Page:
Although I’ve often felt that Christians spend too much time talking about how Jesus died and not enough time about how He lived and continues to live on in spirit, the importance of the way Jesus died can’t be denied. I don’t believe that Jesus died as a sacrificial lamb to appease a wrathful God. But I know this – that Jesus’ way and the dominant culture’s way are very different. And I think it was inevitable that Jesus would be killed because God’s way of unconditional nonviolent love is such a threat to the powers that be. And if Jesus lived today, I think he’d either be killed or locked away somewhere. And I think this would probably happen at a relatively young age – like 33. A person who manifests God’s nature perfectly is bound to pay an extreme price.  Jesus paid that price because He loved us so much. And his death was much more than just physically painful.  He died a humiliating death; He was mocked and seen as a ‘loser’ in the world’s eyes. That part of His death seems even more painful to me. And the way I see it, the kind of love Jesus showed us in being willing to die the way he did and forgive us the way He did stands out from the kind of love anyone has shown….

In the scripture I read at the beginning of this sermon, it is clear that Jesus was very pleased when Peter saw him for who he was. Simon Peter answered, “You are the Messiah, the Son of the Living God.” And Jesus answered him, “Blessed are you, Simon son of Jonah! For flesh and blood has not revealed this to you, but my father in heaven. And I tell you, you are Peter [which means rock], and on this rock I will build my church…” I don’t think Jesus cared about this for ego reasons. I think Jesus is much more interested in how we love than how we view him from an intellectual standpoint. At the same time it is clear that Peter’s recognition of Jesus as the Messiah meant something to him. Before we can love as God loves we have to be able to recognize God’s love and nature – and when I say recognize, I mean to recognize in the heart more than in the head.

Jesus’ mission was to show what God’s love looks like when it is perfectly incarnated in human form, even though it meant he would be mocked and killed. In one sense the incarnation is unbelievable, but it makes sense when you contemplate it more deeply. If God wanted to show us how much he loves us, wouldn’t He or She show this love in a form we can understand and relate to, as a human being who shares the same emotional and physical needs that we have? It is impossible to define what love, and nonviolence, and goodness are in words.  Jesus is that word, the complete definition of what divine love looks like in a human being. Jesus wanted this divinity recognized because God wants us to live and love as Jesus did, and our capacity for following Jesus’ way is dependent upon our seeing God’s love perfectly lived out in him. And although there are many great people who have walked this Earth that we can follow and learn from, I don’t believe there’s anyone else who has ever lived who has manifested God’s nature perfectly like Jesus did. Jesus is unique in His authority….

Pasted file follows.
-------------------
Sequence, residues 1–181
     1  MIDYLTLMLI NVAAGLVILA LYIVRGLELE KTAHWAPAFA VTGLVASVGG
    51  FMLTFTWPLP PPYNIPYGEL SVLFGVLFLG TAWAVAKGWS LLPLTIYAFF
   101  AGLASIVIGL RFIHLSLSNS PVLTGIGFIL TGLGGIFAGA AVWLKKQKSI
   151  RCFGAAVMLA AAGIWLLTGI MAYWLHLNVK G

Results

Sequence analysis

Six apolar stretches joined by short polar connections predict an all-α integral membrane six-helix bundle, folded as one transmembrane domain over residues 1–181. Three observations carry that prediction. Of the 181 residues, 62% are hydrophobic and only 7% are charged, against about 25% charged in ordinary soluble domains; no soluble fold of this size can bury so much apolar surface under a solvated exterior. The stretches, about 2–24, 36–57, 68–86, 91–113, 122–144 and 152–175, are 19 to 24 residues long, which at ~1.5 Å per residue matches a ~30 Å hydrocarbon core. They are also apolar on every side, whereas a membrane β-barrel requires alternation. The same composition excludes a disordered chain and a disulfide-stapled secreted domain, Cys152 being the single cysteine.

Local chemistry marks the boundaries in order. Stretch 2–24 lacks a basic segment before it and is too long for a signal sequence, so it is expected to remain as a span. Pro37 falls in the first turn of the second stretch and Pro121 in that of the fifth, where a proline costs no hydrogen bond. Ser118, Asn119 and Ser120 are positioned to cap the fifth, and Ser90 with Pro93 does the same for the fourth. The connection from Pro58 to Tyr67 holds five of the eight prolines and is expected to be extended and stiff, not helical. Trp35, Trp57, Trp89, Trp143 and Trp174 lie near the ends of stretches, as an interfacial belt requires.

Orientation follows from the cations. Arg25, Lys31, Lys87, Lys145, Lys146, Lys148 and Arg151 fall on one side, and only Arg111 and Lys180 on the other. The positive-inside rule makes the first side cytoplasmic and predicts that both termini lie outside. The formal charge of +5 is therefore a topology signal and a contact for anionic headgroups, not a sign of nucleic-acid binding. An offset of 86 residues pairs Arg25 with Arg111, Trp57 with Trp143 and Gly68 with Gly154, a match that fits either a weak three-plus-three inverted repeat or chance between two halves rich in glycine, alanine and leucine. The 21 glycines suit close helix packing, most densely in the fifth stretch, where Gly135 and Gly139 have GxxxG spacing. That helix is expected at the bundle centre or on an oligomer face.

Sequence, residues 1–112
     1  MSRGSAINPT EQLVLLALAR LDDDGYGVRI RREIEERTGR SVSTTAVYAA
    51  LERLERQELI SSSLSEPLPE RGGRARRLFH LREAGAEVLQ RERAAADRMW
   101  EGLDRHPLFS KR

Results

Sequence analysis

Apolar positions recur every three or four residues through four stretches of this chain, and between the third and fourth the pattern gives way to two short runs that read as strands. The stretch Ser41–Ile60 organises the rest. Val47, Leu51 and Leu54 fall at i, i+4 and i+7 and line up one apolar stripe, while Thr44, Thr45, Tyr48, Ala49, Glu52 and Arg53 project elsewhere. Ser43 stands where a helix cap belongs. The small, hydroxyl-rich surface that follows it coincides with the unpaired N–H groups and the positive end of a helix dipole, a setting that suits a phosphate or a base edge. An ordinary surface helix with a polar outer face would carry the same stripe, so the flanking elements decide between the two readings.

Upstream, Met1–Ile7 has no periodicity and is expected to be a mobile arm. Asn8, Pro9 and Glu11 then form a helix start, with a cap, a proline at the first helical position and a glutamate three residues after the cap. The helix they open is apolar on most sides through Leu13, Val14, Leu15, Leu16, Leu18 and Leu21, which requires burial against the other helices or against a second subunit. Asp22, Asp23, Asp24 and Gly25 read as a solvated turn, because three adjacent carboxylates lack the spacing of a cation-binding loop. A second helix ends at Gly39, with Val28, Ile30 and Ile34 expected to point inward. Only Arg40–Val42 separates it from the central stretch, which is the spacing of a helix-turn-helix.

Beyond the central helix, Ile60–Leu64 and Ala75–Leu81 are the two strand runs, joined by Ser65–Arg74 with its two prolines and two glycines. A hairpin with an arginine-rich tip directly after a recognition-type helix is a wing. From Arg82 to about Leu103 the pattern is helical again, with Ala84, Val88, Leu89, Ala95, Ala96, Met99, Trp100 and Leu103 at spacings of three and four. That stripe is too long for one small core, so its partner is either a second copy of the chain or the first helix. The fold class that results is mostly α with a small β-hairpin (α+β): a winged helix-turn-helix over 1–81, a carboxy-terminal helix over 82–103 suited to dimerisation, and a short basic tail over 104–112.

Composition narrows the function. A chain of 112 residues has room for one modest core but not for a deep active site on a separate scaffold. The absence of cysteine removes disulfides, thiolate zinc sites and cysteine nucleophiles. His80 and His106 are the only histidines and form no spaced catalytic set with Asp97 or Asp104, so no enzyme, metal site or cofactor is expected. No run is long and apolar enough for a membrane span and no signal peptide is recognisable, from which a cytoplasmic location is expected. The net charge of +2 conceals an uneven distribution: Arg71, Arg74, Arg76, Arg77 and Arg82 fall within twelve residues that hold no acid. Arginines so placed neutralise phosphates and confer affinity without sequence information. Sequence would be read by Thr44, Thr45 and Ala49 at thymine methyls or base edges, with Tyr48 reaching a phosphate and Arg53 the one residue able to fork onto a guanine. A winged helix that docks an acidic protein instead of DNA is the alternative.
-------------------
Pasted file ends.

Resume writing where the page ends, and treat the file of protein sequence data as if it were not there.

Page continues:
Now I don’t see our job as going out and attempting to start arguments with people of other religions and say ‘my guy is better than your guy’ or trying to intellectually convert them to our way of thinking. Our job is to love and follow Jesus, to talk in authentic ways about Jesus whenever the time is right, and to learn new things about the nature of Jesus from people of other faiths. People such as the Buddhist monk Thich Nhat Hanh have much to teach us about aspects of Jesus’ nature that most Christian churches have lost touch with.

I heard a great story once from a man at Virginia Tech who was sharing his faith journey. This man had been turned off by Christianity as he had experienced it. He spent a long time as a student of eastern religions and one day he was in the middle of meditation – I can’t remember for sure but I think he may have been in Tibet at the time – and he said that the revelation came to him that Jesus really was who He said He was. This man came to Jesus through Buddhism. So I encourage people to explore other religions if they are moved to do so.  My viewpoint is fundamentally this: We can learn much about Christ’s nature from other people, often people of other faiths, and we can grow to a great degree in following other spiritual teachers. But there will come a point for all people who want to understand God’s nature fully that they have to recognize Jesus as Peter did, and as the Hindu woman I mentioned earlier did, and then to follow Him. …

How do we talk about Jesus? Now some would say we shouldn’t talk about Jesus at all, keep your faith private. But that idea doesn’t work and leads to spiritual death, not life. We do need to find better and more authentic ways to do it … if Jesus is what is important to us, we have to talk about Him. There are people out in the world talking about all sorts of violent things in violent ways and that’s seen as acceptable, but we can’t talk about Jesus? You’ve got to be kidding. I don’t have a specific blueprint about how to do it genuinely, and how to do so is probably a little different for every person.  But we need to do it…. 

Excerpts from a sermon by J. Blair Pettyjohn
Dayspring Church
3/11/12